In National Affairs, WSPWH editor Diana Schaub reflects on the Gettysburg Address and considers its meaning. Her analysis looks at both the speech’s historical context and its literary and rhetorical devices. A snippet:
December 20, 2013
With Abraham Lincoln’s victory in the 1860 presidential election ensured, South Carolina was spurred into action. On December 20, 1860, after a 15-day convention, delegates voted 169-0 to leave the Union, approving the South Carolina Ordinance of Secession. The ordinance was soon followed by the publication of the Declaration of Causes of Secession, written by Christopher G. Memminger and explaining the reasons behind South Carolina’s decision.
December 6, 2013
On December 6, 1865, the 13th Amendment of the US Constitution was ratified by the states. The amendment formally abolished slavery, declaring “neither slavery nor involuntary servitude, except as punishment for crime whereof the party shall have been duly convicted, shall exist within the United States, or any place subject to their jurisdiction.”
November 21, 2013
On November 21, 1864, Abraham Lincoln is thought to have written a consoling letter to Lydia Bixby, a Boston widow whose five sons died while fighting for the Union. The letter’s author and the specific details regarding Mrs. Bixby’s sons are debated, but the simple and eloquent prose of the letter is praised.
November 15, 2013
November 19, 2013 marks the 150th anniversary of the Gettysburg Address. Delivered by Abraham Lincoln at the dedication of the cemetery at Gettysburg, the short speech went on to become one of the most famous in American history, and is inscribed onto the Lincoln Memorial. Honor this important historical moment in your classroom. Here are ten helpful ideas:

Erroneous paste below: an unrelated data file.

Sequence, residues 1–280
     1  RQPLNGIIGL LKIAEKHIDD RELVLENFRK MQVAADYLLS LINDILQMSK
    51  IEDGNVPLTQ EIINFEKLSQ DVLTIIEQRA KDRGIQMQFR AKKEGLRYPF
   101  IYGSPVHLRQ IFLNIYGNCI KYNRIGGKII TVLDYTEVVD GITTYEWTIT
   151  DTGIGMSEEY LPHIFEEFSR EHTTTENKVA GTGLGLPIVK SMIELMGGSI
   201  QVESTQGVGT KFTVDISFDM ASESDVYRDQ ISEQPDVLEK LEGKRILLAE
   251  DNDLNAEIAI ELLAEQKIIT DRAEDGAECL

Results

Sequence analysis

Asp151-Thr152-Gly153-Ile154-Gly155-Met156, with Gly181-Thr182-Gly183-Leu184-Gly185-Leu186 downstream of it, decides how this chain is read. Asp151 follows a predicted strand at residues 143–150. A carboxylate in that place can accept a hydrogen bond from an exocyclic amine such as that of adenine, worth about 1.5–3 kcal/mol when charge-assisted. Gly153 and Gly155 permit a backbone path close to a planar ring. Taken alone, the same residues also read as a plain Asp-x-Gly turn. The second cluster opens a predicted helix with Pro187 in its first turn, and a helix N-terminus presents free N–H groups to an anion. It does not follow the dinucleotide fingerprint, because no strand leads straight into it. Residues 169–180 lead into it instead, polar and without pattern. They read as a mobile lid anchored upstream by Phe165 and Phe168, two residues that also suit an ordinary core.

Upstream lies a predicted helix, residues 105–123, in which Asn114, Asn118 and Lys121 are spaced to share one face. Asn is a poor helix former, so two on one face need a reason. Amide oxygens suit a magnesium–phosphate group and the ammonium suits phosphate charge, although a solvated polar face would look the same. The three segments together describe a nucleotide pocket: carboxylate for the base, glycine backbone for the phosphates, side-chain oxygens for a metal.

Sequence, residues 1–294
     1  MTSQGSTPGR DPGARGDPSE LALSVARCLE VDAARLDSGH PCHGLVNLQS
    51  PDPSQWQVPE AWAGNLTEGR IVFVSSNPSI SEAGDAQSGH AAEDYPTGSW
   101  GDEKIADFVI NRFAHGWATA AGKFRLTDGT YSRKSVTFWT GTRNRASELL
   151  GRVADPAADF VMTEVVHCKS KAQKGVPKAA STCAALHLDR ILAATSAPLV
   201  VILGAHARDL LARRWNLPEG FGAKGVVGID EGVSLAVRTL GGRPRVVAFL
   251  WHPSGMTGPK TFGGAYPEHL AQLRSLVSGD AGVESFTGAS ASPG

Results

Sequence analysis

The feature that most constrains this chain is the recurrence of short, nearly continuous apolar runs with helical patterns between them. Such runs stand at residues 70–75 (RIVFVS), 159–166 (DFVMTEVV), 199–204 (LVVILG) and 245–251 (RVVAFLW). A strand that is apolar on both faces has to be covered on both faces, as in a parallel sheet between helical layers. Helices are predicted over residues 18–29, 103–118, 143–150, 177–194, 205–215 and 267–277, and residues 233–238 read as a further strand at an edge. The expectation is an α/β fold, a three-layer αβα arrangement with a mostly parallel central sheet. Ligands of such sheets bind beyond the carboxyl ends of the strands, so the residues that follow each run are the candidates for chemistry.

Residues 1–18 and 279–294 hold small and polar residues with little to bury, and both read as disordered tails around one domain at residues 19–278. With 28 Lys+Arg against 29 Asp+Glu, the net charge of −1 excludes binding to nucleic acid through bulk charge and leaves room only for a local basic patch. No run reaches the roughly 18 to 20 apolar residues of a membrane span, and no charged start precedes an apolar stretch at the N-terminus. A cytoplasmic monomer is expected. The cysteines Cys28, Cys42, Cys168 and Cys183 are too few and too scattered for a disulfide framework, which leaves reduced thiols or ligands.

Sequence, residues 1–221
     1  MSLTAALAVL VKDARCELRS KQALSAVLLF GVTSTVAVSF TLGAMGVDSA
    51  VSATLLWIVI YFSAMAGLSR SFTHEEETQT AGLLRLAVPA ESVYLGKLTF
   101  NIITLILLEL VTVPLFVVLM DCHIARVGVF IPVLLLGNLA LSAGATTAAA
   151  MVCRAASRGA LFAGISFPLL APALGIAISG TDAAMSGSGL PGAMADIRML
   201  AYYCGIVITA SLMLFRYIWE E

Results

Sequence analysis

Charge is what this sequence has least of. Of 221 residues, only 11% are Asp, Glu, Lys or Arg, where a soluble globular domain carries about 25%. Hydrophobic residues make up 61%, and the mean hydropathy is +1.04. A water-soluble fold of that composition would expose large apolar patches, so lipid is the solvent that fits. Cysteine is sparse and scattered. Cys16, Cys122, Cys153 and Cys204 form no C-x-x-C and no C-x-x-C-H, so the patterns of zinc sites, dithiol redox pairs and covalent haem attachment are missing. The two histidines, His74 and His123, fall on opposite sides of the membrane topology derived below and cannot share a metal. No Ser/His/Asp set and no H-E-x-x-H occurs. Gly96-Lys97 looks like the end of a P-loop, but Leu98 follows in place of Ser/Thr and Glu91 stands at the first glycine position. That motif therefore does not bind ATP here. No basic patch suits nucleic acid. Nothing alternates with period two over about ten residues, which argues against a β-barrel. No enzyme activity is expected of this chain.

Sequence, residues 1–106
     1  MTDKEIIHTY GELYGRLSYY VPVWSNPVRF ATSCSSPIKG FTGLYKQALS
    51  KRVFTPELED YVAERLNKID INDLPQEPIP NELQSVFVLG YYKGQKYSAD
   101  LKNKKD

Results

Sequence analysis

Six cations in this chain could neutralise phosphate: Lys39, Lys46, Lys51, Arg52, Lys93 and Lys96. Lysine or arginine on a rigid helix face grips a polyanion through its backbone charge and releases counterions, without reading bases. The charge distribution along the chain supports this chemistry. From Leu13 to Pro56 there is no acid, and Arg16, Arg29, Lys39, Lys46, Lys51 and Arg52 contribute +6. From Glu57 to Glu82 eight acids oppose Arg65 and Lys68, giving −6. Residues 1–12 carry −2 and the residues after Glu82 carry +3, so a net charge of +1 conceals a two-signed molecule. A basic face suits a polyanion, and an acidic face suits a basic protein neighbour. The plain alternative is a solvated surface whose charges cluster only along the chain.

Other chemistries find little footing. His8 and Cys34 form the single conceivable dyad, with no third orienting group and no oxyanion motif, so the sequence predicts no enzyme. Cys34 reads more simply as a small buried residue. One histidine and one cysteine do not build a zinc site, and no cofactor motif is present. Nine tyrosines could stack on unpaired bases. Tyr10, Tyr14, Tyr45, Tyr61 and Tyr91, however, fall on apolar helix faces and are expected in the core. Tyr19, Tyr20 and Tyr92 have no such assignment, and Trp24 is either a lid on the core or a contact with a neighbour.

October 22, 2013
We’ve just returned from the Long Island Council for the Social Studies 2013 conference, where our director, Cheryl Miller, led a session introducing our website and teaching resources as well as a (very quick!) close reading seminar on the Gettysburg Address. We had a terrific time — it’s always great to meet with dedicated and engaged educators.
October 3, 2013
October 3: Today in History: Stephen Crane’s The Red Badge of Courage is published in book form in 1895
On October 3, 1895, The Red Badge of Courage, the first American novel to portray the Civil War from the perspective of a soldier, was published in book form. The enormously popular short novel was originally published by a newspaper one section at a time.
September 23, 2013
On September 23, 1863, the Union Army was reeling from a decisive defeat at the Battle of Chickamauga at the hands of Confederate General Braxton Bragg. Keenly aware of Union General Rosecrans’ depleted army, President Lincoln diverted General Joseph Hooker from Virginia to the area, setting in place a strategy that would reinvigorate the Army of the Cumberland, and place General Ulysses S. Grant in charge of the Union … Read more »
July 22, 2013
On July 22, 1862, President Abraham Lincoln delivered the Emancipation Proclamation to his cabinet, seeking comments for revisions. The executive order freed the slaves from the ten states in rebellion, applying to approximately 3.1 million of the 4 million slaves in the United States.
June 24, 2013
As we near the 150th anniversary of Lincoln’s Gettysburg Address, much less attention has been given to the man whose oration at Gettysburg was actually considered the main event. History seems to have long forgotten famed orator Edward Everett’s two hour speech, despite his status as the featured speaker for the commemoration of the Battle of Gettysburg.